3. I’m frustrated by how often major media outlets are publishing stories about “overtreatment” and “overdiagnosis” for one reason alone: They’re not distinguishing between Stage 0 cancer and invasive cancer. Stage 0 cancer – (also known as DCIS or LCIS) is more widely diagnosed now because of the increase in screenings since the 1980s. Treatment decisions are fraught with difficulty for doctors and patients because Stage 0 cancer is confined to the ducts or lobules and hasn’t yet invaded surrounding tissue — but it could someday. Some patients and doctors choose to be more aggressive, opting for different combinations or surgery, radiation, and hormonal therapy before the cells become invasive. But other doctors and patients are pointing out that perhaps more treatment isn’t optimal treatment. All of the treatments hold the possibility of complications, not to mention emotional fallout. Doctors like Laura Esserman at UCSF (where I was treated) are conducting studies to figure out how to best treat Stage O. And I think that’s great.
I simply wish that instead of running headlines and provocative covers (I’m looking at you Time Magazine) about the dangers of overdiagnosis when it comes to breast cancer, that outlets would make it crystal clear: We are talking about Stage 0. As far as we know right now, invasive cancer, no matter how early it’s found, always has the potential to metastasize. (There are, in fact debates that perhaps even some invasive cancers are so slow-growing they may never pose a threat, but we don’t know enough yet to know which ones.)
4. So this leads me to my last point: I wish that the campaigns talked more about knowing or assessing your personal risk. I had no idea that I could ask my doctor to assess my risk (or do it myself online). Had I done that, I would’ve found that I was in a high-risk category – both because I got my period young and because I had dense breasts (How’s that for TMI?).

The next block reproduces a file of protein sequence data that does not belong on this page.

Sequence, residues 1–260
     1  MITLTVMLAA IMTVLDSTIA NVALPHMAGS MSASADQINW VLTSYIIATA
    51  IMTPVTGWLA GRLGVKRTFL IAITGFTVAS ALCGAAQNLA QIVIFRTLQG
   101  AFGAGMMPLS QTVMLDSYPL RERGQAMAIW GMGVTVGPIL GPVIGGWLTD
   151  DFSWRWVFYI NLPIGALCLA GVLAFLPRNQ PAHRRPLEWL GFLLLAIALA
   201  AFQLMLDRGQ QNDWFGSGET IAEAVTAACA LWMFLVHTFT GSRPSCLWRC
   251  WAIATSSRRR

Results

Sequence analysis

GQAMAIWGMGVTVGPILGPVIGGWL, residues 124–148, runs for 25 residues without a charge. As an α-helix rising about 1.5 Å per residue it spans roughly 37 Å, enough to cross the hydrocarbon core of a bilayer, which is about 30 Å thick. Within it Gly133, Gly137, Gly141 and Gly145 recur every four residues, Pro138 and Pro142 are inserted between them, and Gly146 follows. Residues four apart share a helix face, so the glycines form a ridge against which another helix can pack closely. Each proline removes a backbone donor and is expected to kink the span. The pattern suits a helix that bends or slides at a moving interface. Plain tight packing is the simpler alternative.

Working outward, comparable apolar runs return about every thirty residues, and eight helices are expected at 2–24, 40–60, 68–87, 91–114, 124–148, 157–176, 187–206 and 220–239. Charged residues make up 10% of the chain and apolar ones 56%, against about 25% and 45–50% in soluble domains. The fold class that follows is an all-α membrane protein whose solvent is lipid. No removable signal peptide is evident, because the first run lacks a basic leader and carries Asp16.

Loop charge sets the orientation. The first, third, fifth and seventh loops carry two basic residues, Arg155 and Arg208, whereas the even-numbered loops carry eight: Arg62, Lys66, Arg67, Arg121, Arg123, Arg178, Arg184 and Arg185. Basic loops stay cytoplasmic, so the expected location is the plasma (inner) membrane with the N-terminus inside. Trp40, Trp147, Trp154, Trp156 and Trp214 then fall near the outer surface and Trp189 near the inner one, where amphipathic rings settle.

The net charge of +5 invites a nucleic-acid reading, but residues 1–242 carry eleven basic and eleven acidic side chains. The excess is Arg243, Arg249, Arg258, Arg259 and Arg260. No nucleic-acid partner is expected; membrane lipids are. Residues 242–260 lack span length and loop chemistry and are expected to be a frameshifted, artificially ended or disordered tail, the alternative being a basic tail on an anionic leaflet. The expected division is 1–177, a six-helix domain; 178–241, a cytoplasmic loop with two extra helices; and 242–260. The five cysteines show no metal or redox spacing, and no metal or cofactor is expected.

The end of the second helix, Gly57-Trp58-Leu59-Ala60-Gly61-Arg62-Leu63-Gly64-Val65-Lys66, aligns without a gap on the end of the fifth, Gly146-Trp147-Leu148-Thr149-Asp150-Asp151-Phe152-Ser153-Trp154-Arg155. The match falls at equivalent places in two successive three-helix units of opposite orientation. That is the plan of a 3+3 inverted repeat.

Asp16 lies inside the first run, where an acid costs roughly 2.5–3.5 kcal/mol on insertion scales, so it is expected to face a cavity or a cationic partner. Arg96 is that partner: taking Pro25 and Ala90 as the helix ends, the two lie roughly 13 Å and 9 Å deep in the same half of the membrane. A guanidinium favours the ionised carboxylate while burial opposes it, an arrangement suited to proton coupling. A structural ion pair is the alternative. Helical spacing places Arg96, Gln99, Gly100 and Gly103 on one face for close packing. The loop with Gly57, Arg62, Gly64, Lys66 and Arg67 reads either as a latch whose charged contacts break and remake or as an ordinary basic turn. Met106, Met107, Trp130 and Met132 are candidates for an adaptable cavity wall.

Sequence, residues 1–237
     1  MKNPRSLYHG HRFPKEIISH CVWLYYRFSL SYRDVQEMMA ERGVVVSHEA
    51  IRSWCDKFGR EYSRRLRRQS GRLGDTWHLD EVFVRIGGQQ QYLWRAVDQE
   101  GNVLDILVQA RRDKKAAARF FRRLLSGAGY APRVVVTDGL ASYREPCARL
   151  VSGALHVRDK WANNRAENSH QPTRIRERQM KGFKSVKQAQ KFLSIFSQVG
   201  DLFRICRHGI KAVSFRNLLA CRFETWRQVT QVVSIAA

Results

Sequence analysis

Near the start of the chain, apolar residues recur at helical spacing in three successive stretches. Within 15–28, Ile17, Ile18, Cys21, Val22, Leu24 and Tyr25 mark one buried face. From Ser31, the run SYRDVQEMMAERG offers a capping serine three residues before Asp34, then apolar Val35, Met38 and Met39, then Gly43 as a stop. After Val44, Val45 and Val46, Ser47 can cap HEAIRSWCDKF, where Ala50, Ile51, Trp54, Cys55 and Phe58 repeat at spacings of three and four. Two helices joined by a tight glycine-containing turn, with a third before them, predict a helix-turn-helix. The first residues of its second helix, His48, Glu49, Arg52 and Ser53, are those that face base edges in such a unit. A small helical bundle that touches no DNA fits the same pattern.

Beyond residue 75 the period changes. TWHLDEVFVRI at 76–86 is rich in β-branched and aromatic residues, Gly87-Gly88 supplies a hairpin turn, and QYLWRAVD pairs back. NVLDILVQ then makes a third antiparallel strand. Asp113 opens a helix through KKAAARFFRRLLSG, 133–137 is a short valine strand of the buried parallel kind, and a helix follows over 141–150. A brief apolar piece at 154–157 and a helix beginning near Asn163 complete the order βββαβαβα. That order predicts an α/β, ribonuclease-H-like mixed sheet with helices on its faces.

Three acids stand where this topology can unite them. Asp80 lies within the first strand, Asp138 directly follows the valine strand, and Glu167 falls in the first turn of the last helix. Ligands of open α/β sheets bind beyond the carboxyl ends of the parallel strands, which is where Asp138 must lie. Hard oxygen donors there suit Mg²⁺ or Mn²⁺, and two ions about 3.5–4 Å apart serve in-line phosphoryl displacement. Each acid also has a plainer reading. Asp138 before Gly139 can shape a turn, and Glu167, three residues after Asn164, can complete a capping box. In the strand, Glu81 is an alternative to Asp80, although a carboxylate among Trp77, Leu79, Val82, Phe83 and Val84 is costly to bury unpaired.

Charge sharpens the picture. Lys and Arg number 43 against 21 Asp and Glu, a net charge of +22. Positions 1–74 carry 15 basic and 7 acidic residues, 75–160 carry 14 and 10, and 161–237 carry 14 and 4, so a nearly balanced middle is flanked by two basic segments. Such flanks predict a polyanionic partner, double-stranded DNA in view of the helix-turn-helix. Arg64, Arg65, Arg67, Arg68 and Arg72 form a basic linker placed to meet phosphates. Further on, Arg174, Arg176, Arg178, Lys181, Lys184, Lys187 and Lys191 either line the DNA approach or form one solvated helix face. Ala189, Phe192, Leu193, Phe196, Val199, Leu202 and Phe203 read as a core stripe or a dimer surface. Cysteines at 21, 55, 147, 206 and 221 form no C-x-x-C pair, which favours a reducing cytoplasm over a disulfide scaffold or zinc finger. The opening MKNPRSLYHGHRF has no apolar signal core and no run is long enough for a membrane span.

Instead I toodled along like everyone else thinking – ‘Welp, I’m healthy, no one else in my family had it. I’m good!’
I’m not alone in this miscalculation – about 44% of women underestimate their risk and 45% overestimate their risk. Bottom line is 90% of us have the wrong idea of how likely we are to get breast cancer. Knowing your risk can help you make an informed decision about when to start screening.
Phew. Can you wake me up when it’s November? Just kidding. We are heading to Hawaii where I will be donning my pink bikini and my freshly minted boobs joyfully (and with all those other aforementioned feelings, I’m sure).
Here are a few more of my favorite links for navigating Pinktober. With much love to all of my sisters out there! Thanks for reading and listening.
Assess Your Risk Tool
If you find yourself going into a breast cancer panic, this online assessment tool and you may find yourself breathing easier.
The Very, Very Pink Business of Breast Cancer Awareness
The best article I’ve read about the nuances of “pink” products and where the money goes.
Four Questions to Ask Yourself Before Buying Pink Products
10 Breast Cancer Myths Debunked